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Signs of a Clean Beauty RevolutionDespite the incredible efforts of Feinstein’s office, laws can take a long time to go through Congress. This is why there’s something else happening, and it’s happening among beauty brands, distributors, wholesalers, cosmetic manufacturers, and others in the industry: a clean beauty revolution. Spearheaded by Ashley Prange, the founder of organic, all-natural cosmetics brand Au Naturale(who previously worked in law and regulated uranium mines, of all things), the movement aims to have the same regulations that surround food to be applied to personal care products (your body absorbs roughly 60 percent of what goes on it, after all). “I want to educate people—that’s my primary goal right now,” says Prange. “The first goal would be education and consumers engaging and understanding what’s happening [in the US] in contrast with places like Europe, where there actually is relevant regulation and a continuing conversation in safety.” “Eventually I’d like legislation signed and our efforts to come to fruition and people can be like, ‘Great, I actually feel safe with the personal care products,'” Prange adds. “I want people to know someone is watching out for them in a regulatory manner.”
(Amanda Jo, left, and Ashley Prange, right, who are both aiming to create a label that shows a product is safe just like food is labeled organic. Photos: Karissa Bowers, Sarah Gardner.)In March of this year, she launched a social media campaign that called for people to sign a clean beauty petition so Prange could go to Congress and lobby with support. Armed with more than 8,000 signatures, she went to D.C. with organic beauty blogger Amanda Jo (also known asOrganic Bunny) and met with offices in the Senate and with House Speaker Paul Ryan’s office to learn where Feinstein’s Act stands and what’s happening with regulation in beauty products in general. “While we’re extremely supportive of Feinstein’s bill, we wanted to create something to achieve momentum as we wait for it to pass,” says organic advocate, Jo. That something? Prange and her clean beauty army are working on making a label to be stamped onto beauty products and cosmetics that shows a product is safe and non-toxic, much like the USDA Organic label does for food. “I have over 100 people involved right now,” explains Prange, which includes manufacturers, wholesalers, and brands. “The groundwork is being made for personal care products to take the same sort of path organic food took. What happened with USDA Organic is that a trade organization was set up by the industry coming together. They created a label that was then adopted into law in a farm bill three years later.” Not only that, but Prange is also working with Gay Timmins—the advocate behind the State of California obtaining organic standards for personal care products. Powerful forces are at work, and they plan on revisiting Washington every few months to keep the conversation alive and the momentum going. Beautycounter is active in the lobbying game as well, and urges their consumers to email Congress about the need to prioritize safe beauty.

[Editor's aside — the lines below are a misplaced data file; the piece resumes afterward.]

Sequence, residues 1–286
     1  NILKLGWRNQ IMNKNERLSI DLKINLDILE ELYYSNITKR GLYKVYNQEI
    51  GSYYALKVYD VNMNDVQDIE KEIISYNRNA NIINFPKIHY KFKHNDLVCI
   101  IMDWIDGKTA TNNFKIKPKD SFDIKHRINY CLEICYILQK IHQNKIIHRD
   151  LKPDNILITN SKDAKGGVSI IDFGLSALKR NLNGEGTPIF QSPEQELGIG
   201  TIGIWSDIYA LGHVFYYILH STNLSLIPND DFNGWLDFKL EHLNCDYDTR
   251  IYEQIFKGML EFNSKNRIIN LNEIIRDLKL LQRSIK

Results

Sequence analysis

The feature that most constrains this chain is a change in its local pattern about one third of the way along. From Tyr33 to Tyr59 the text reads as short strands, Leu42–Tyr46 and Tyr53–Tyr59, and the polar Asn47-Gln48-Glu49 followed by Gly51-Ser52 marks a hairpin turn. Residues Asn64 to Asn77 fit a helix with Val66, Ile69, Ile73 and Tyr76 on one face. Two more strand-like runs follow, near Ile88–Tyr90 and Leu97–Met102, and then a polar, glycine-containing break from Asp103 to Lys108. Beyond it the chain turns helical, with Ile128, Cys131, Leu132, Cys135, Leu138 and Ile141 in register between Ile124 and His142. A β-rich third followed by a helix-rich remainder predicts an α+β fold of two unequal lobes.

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The search for a “clean” standard in murky beauty watersWhen you ask someone what ‘clean’ means to them in terms of beauty products, you’re bound to get pretty diverse responses. The fact that so many products deem themselves “organic,” “all-natural,” and/or “clean” despite not being held to a regulated standard only adds to the confusion. Hence why Prange’s movement—like Feinstein’s bill—will take a while to implement. “What causes a lot of friction is that brands like mine want a very strict standard for organic, since we’re making very pure and fresh products,” says Prange. “Then another brand comes in saying they’re natural, but everyone has a disagreement over what that means. If this were easy to do, it would have happened twenty years ago.” Preservatives are another tough obstacle. With the taboo surrounding parabens, beauty brands have started using alternatives—some of which are potentially toxic themselves. “It’s a hard part of the conversation,” says Jo. Right now, “one company says a preservative is okay while another disagrees.” The key is to find some low-hanging fruit in terms of what non-toxic means, says Prange. “We need something we can all agree on, so we can go on to tackle more challenging issues. It will not happen overnight, but there’s so much goodwill here and everybody wants to see something happen, so I know it will.” Prange’s band of supporters are in the process of setting a basic standard of what safe means across the board. Their basic desire is to provide transparency to the consumer so they know a product isn’t going to harm them. “[We’re going to have] different facets of the label, but the effort is to give people a product they can trust to be safe,” says Prange.